[an error occurred while processing this directive]
BBC News
watch One-Minute World News
Languages
Last Updated: Saturday, 6 August 2005, 16:18 GMT 17:18 UK
Nuclear neighbours reach key deal
Manmohan Singh (left) and Pervez Musharraf
India and Pakistan have pledged closer dialogue
India and Pakistan have agreed to give each other advance notice of future nuclear missile tests, the two countries have announced.

The neighbours also said they would set up an emergency nuclear hotline between their foreign ministries.

The statement came after two day of talks aimed at reducing the risk of a nuclear war between the two neighbours.

The discussions, in the Indian capital Delhi, were the third of their kind since a peace process began last year.

"The two sides reached an understanding on the proposed agreement on pre-notification of flight testing of ballistic missiles," the statement said.

It said the hotline "to prevent misunderstandings and reduce risks relevant to nuclear issues" would be established in September 2005.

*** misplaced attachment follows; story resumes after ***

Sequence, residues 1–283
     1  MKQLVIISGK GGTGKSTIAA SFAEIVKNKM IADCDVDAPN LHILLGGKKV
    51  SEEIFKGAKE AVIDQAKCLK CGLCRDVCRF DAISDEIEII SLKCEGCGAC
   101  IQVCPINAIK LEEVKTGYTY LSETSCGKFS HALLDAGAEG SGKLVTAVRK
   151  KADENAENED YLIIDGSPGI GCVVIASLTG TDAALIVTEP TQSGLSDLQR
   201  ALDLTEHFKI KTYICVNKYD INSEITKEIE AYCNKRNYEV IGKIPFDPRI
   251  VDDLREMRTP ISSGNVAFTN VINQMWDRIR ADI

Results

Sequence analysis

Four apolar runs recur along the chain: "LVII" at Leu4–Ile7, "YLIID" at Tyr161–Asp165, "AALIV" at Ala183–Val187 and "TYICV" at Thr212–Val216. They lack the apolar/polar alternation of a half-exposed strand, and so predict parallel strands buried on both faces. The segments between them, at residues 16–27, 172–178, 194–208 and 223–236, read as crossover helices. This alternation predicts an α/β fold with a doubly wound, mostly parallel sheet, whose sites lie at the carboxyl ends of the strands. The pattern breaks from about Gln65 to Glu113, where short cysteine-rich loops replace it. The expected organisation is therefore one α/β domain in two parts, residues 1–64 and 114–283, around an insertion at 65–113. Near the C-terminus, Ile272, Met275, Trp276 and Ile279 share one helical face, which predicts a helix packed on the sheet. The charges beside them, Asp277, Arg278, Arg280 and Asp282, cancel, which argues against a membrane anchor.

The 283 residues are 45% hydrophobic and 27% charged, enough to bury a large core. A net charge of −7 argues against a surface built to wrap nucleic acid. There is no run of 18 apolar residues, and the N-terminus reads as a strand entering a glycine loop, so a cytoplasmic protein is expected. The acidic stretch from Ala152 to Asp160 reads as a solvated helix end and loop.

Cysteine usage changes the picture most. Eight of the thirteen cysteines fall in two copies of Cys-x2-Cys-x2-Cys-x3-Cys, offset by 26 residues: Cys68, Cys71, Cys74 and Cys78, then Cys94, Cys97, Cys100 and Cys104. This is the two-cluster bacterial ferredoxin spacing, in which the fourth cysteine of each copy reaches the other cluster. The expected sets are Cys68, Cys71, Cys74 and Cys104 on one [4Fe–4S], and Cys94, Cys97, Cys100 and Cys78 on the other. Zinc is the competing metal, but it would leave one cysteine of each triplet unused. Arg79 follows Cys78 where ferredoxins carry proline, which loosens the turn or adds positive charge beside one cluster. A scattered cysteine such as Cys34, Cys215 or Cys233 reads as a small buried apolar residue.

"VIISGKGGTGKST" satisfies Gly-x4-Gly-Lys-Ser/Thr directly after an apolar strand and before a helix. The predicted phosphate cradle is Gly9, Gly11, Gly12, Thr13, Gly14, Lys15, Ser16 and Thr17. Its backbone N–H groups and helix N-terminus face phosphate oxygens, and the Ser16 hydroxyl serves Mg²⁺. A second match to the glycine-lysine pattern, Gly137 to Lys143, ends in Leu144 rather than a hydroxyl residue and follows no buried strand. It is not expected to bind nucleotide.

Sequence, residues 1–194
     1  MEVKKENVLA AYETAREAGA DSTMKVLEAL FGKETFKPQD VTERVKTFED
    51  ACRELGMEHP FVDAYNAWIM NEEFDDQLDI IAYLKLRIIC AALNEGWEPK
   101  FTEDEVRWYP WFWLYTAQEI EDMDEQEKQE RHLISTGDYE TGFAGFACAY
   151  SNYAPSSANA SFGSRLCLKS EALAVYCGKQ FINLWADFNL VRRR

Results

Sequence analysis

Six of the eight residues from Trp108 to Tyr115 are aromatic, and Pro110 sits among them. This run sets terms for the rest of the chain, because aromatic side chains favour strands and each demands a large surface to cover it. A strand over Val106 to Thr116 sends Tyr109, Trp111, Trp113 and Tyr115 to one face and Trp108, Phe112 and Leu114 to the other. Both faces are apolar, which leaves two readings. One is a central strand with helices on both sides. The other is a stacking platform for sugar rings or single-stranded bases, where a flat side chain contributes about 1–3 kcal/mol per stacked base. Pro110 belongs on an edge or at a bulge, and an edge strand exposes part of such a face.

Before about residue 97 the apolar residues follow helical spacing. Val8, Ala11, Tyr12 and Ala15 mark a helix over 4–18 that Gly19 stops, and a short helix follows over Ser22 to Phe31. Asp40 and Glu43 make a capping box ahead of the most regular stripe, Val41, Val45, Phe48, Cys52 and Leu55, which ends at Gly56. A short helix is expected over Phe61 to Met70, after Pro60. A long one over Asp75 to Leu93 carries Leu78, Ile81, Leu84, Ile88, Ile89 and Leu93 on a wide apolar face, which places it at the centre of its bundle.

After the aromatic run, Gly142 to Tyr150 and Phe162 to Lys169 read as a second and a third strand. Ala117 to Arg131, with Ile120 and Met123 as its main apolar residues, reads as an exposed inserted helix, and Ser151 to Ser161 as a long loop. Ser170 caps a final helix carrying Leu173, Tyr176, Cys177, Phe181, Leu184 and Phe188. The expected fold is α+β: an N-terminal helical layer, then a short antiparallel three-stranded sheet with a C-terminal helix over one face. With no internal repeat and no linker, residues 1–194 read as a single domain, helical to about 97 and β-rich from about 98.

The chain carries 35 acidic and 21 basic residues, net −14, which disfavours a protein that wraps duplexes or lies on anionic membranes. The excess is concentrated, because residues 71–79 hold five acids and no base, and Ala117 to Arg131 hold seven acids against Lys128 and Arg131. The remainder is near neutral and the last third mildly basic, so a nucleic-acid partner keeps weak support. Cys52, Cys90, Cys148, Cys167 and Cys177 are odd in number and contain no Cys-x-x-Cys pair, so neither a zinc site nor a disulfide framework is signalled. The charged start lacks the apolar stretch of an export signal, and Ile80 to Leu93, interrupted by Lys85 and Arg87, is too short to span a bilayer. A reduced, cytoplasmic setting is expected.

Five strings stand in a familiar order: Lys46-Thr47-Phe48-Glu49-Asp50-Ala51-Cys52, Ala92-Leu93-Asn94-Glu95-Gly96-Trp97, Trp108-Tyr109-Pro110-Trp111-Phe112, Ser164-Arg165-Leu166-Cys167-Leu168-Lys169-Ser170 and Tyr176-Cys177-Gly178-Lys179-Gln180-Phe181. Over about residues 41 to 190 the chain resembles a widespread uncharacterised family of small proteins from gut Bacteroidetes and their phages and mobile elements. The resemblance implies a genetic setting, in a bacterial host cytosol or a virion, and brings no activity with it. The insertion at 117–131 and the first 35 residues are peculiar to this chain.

During nearly six decades of tensions, the two rivals have fought three wars.

'New maturity'

On Monday Pakistani and Indian officials are due to discuss confidence-building measures and the long-running dispute over Kashmir.

Correspondents say the talks are seen as an indication of a "new maturity" in relations between India and Pakistan.

Last year, the two countries agreed to try to resolve their problems through a more sustained dialogue.

But analysts say Pakistan is unhappy about the deal India reached with the US last month on civilian nuclear cooperation.

Meanwhile, India still wants Pakistan to take action to prevent attacks by militants in Indian-controlled Kashmir.

India says many of the militants have been armed and trained by Pakistan - an allegation which Pakistan denies.


BBC NEWS: VIDEO AND AUDIO
See representatives from the two countries meeting for talks



RELATED INTERNET LINKS:
The BBC is not responsible for the content of external internet sites


PRODUCTS AND SERVICES

Americas Africa Europe Middle East South Asia Asia Pacific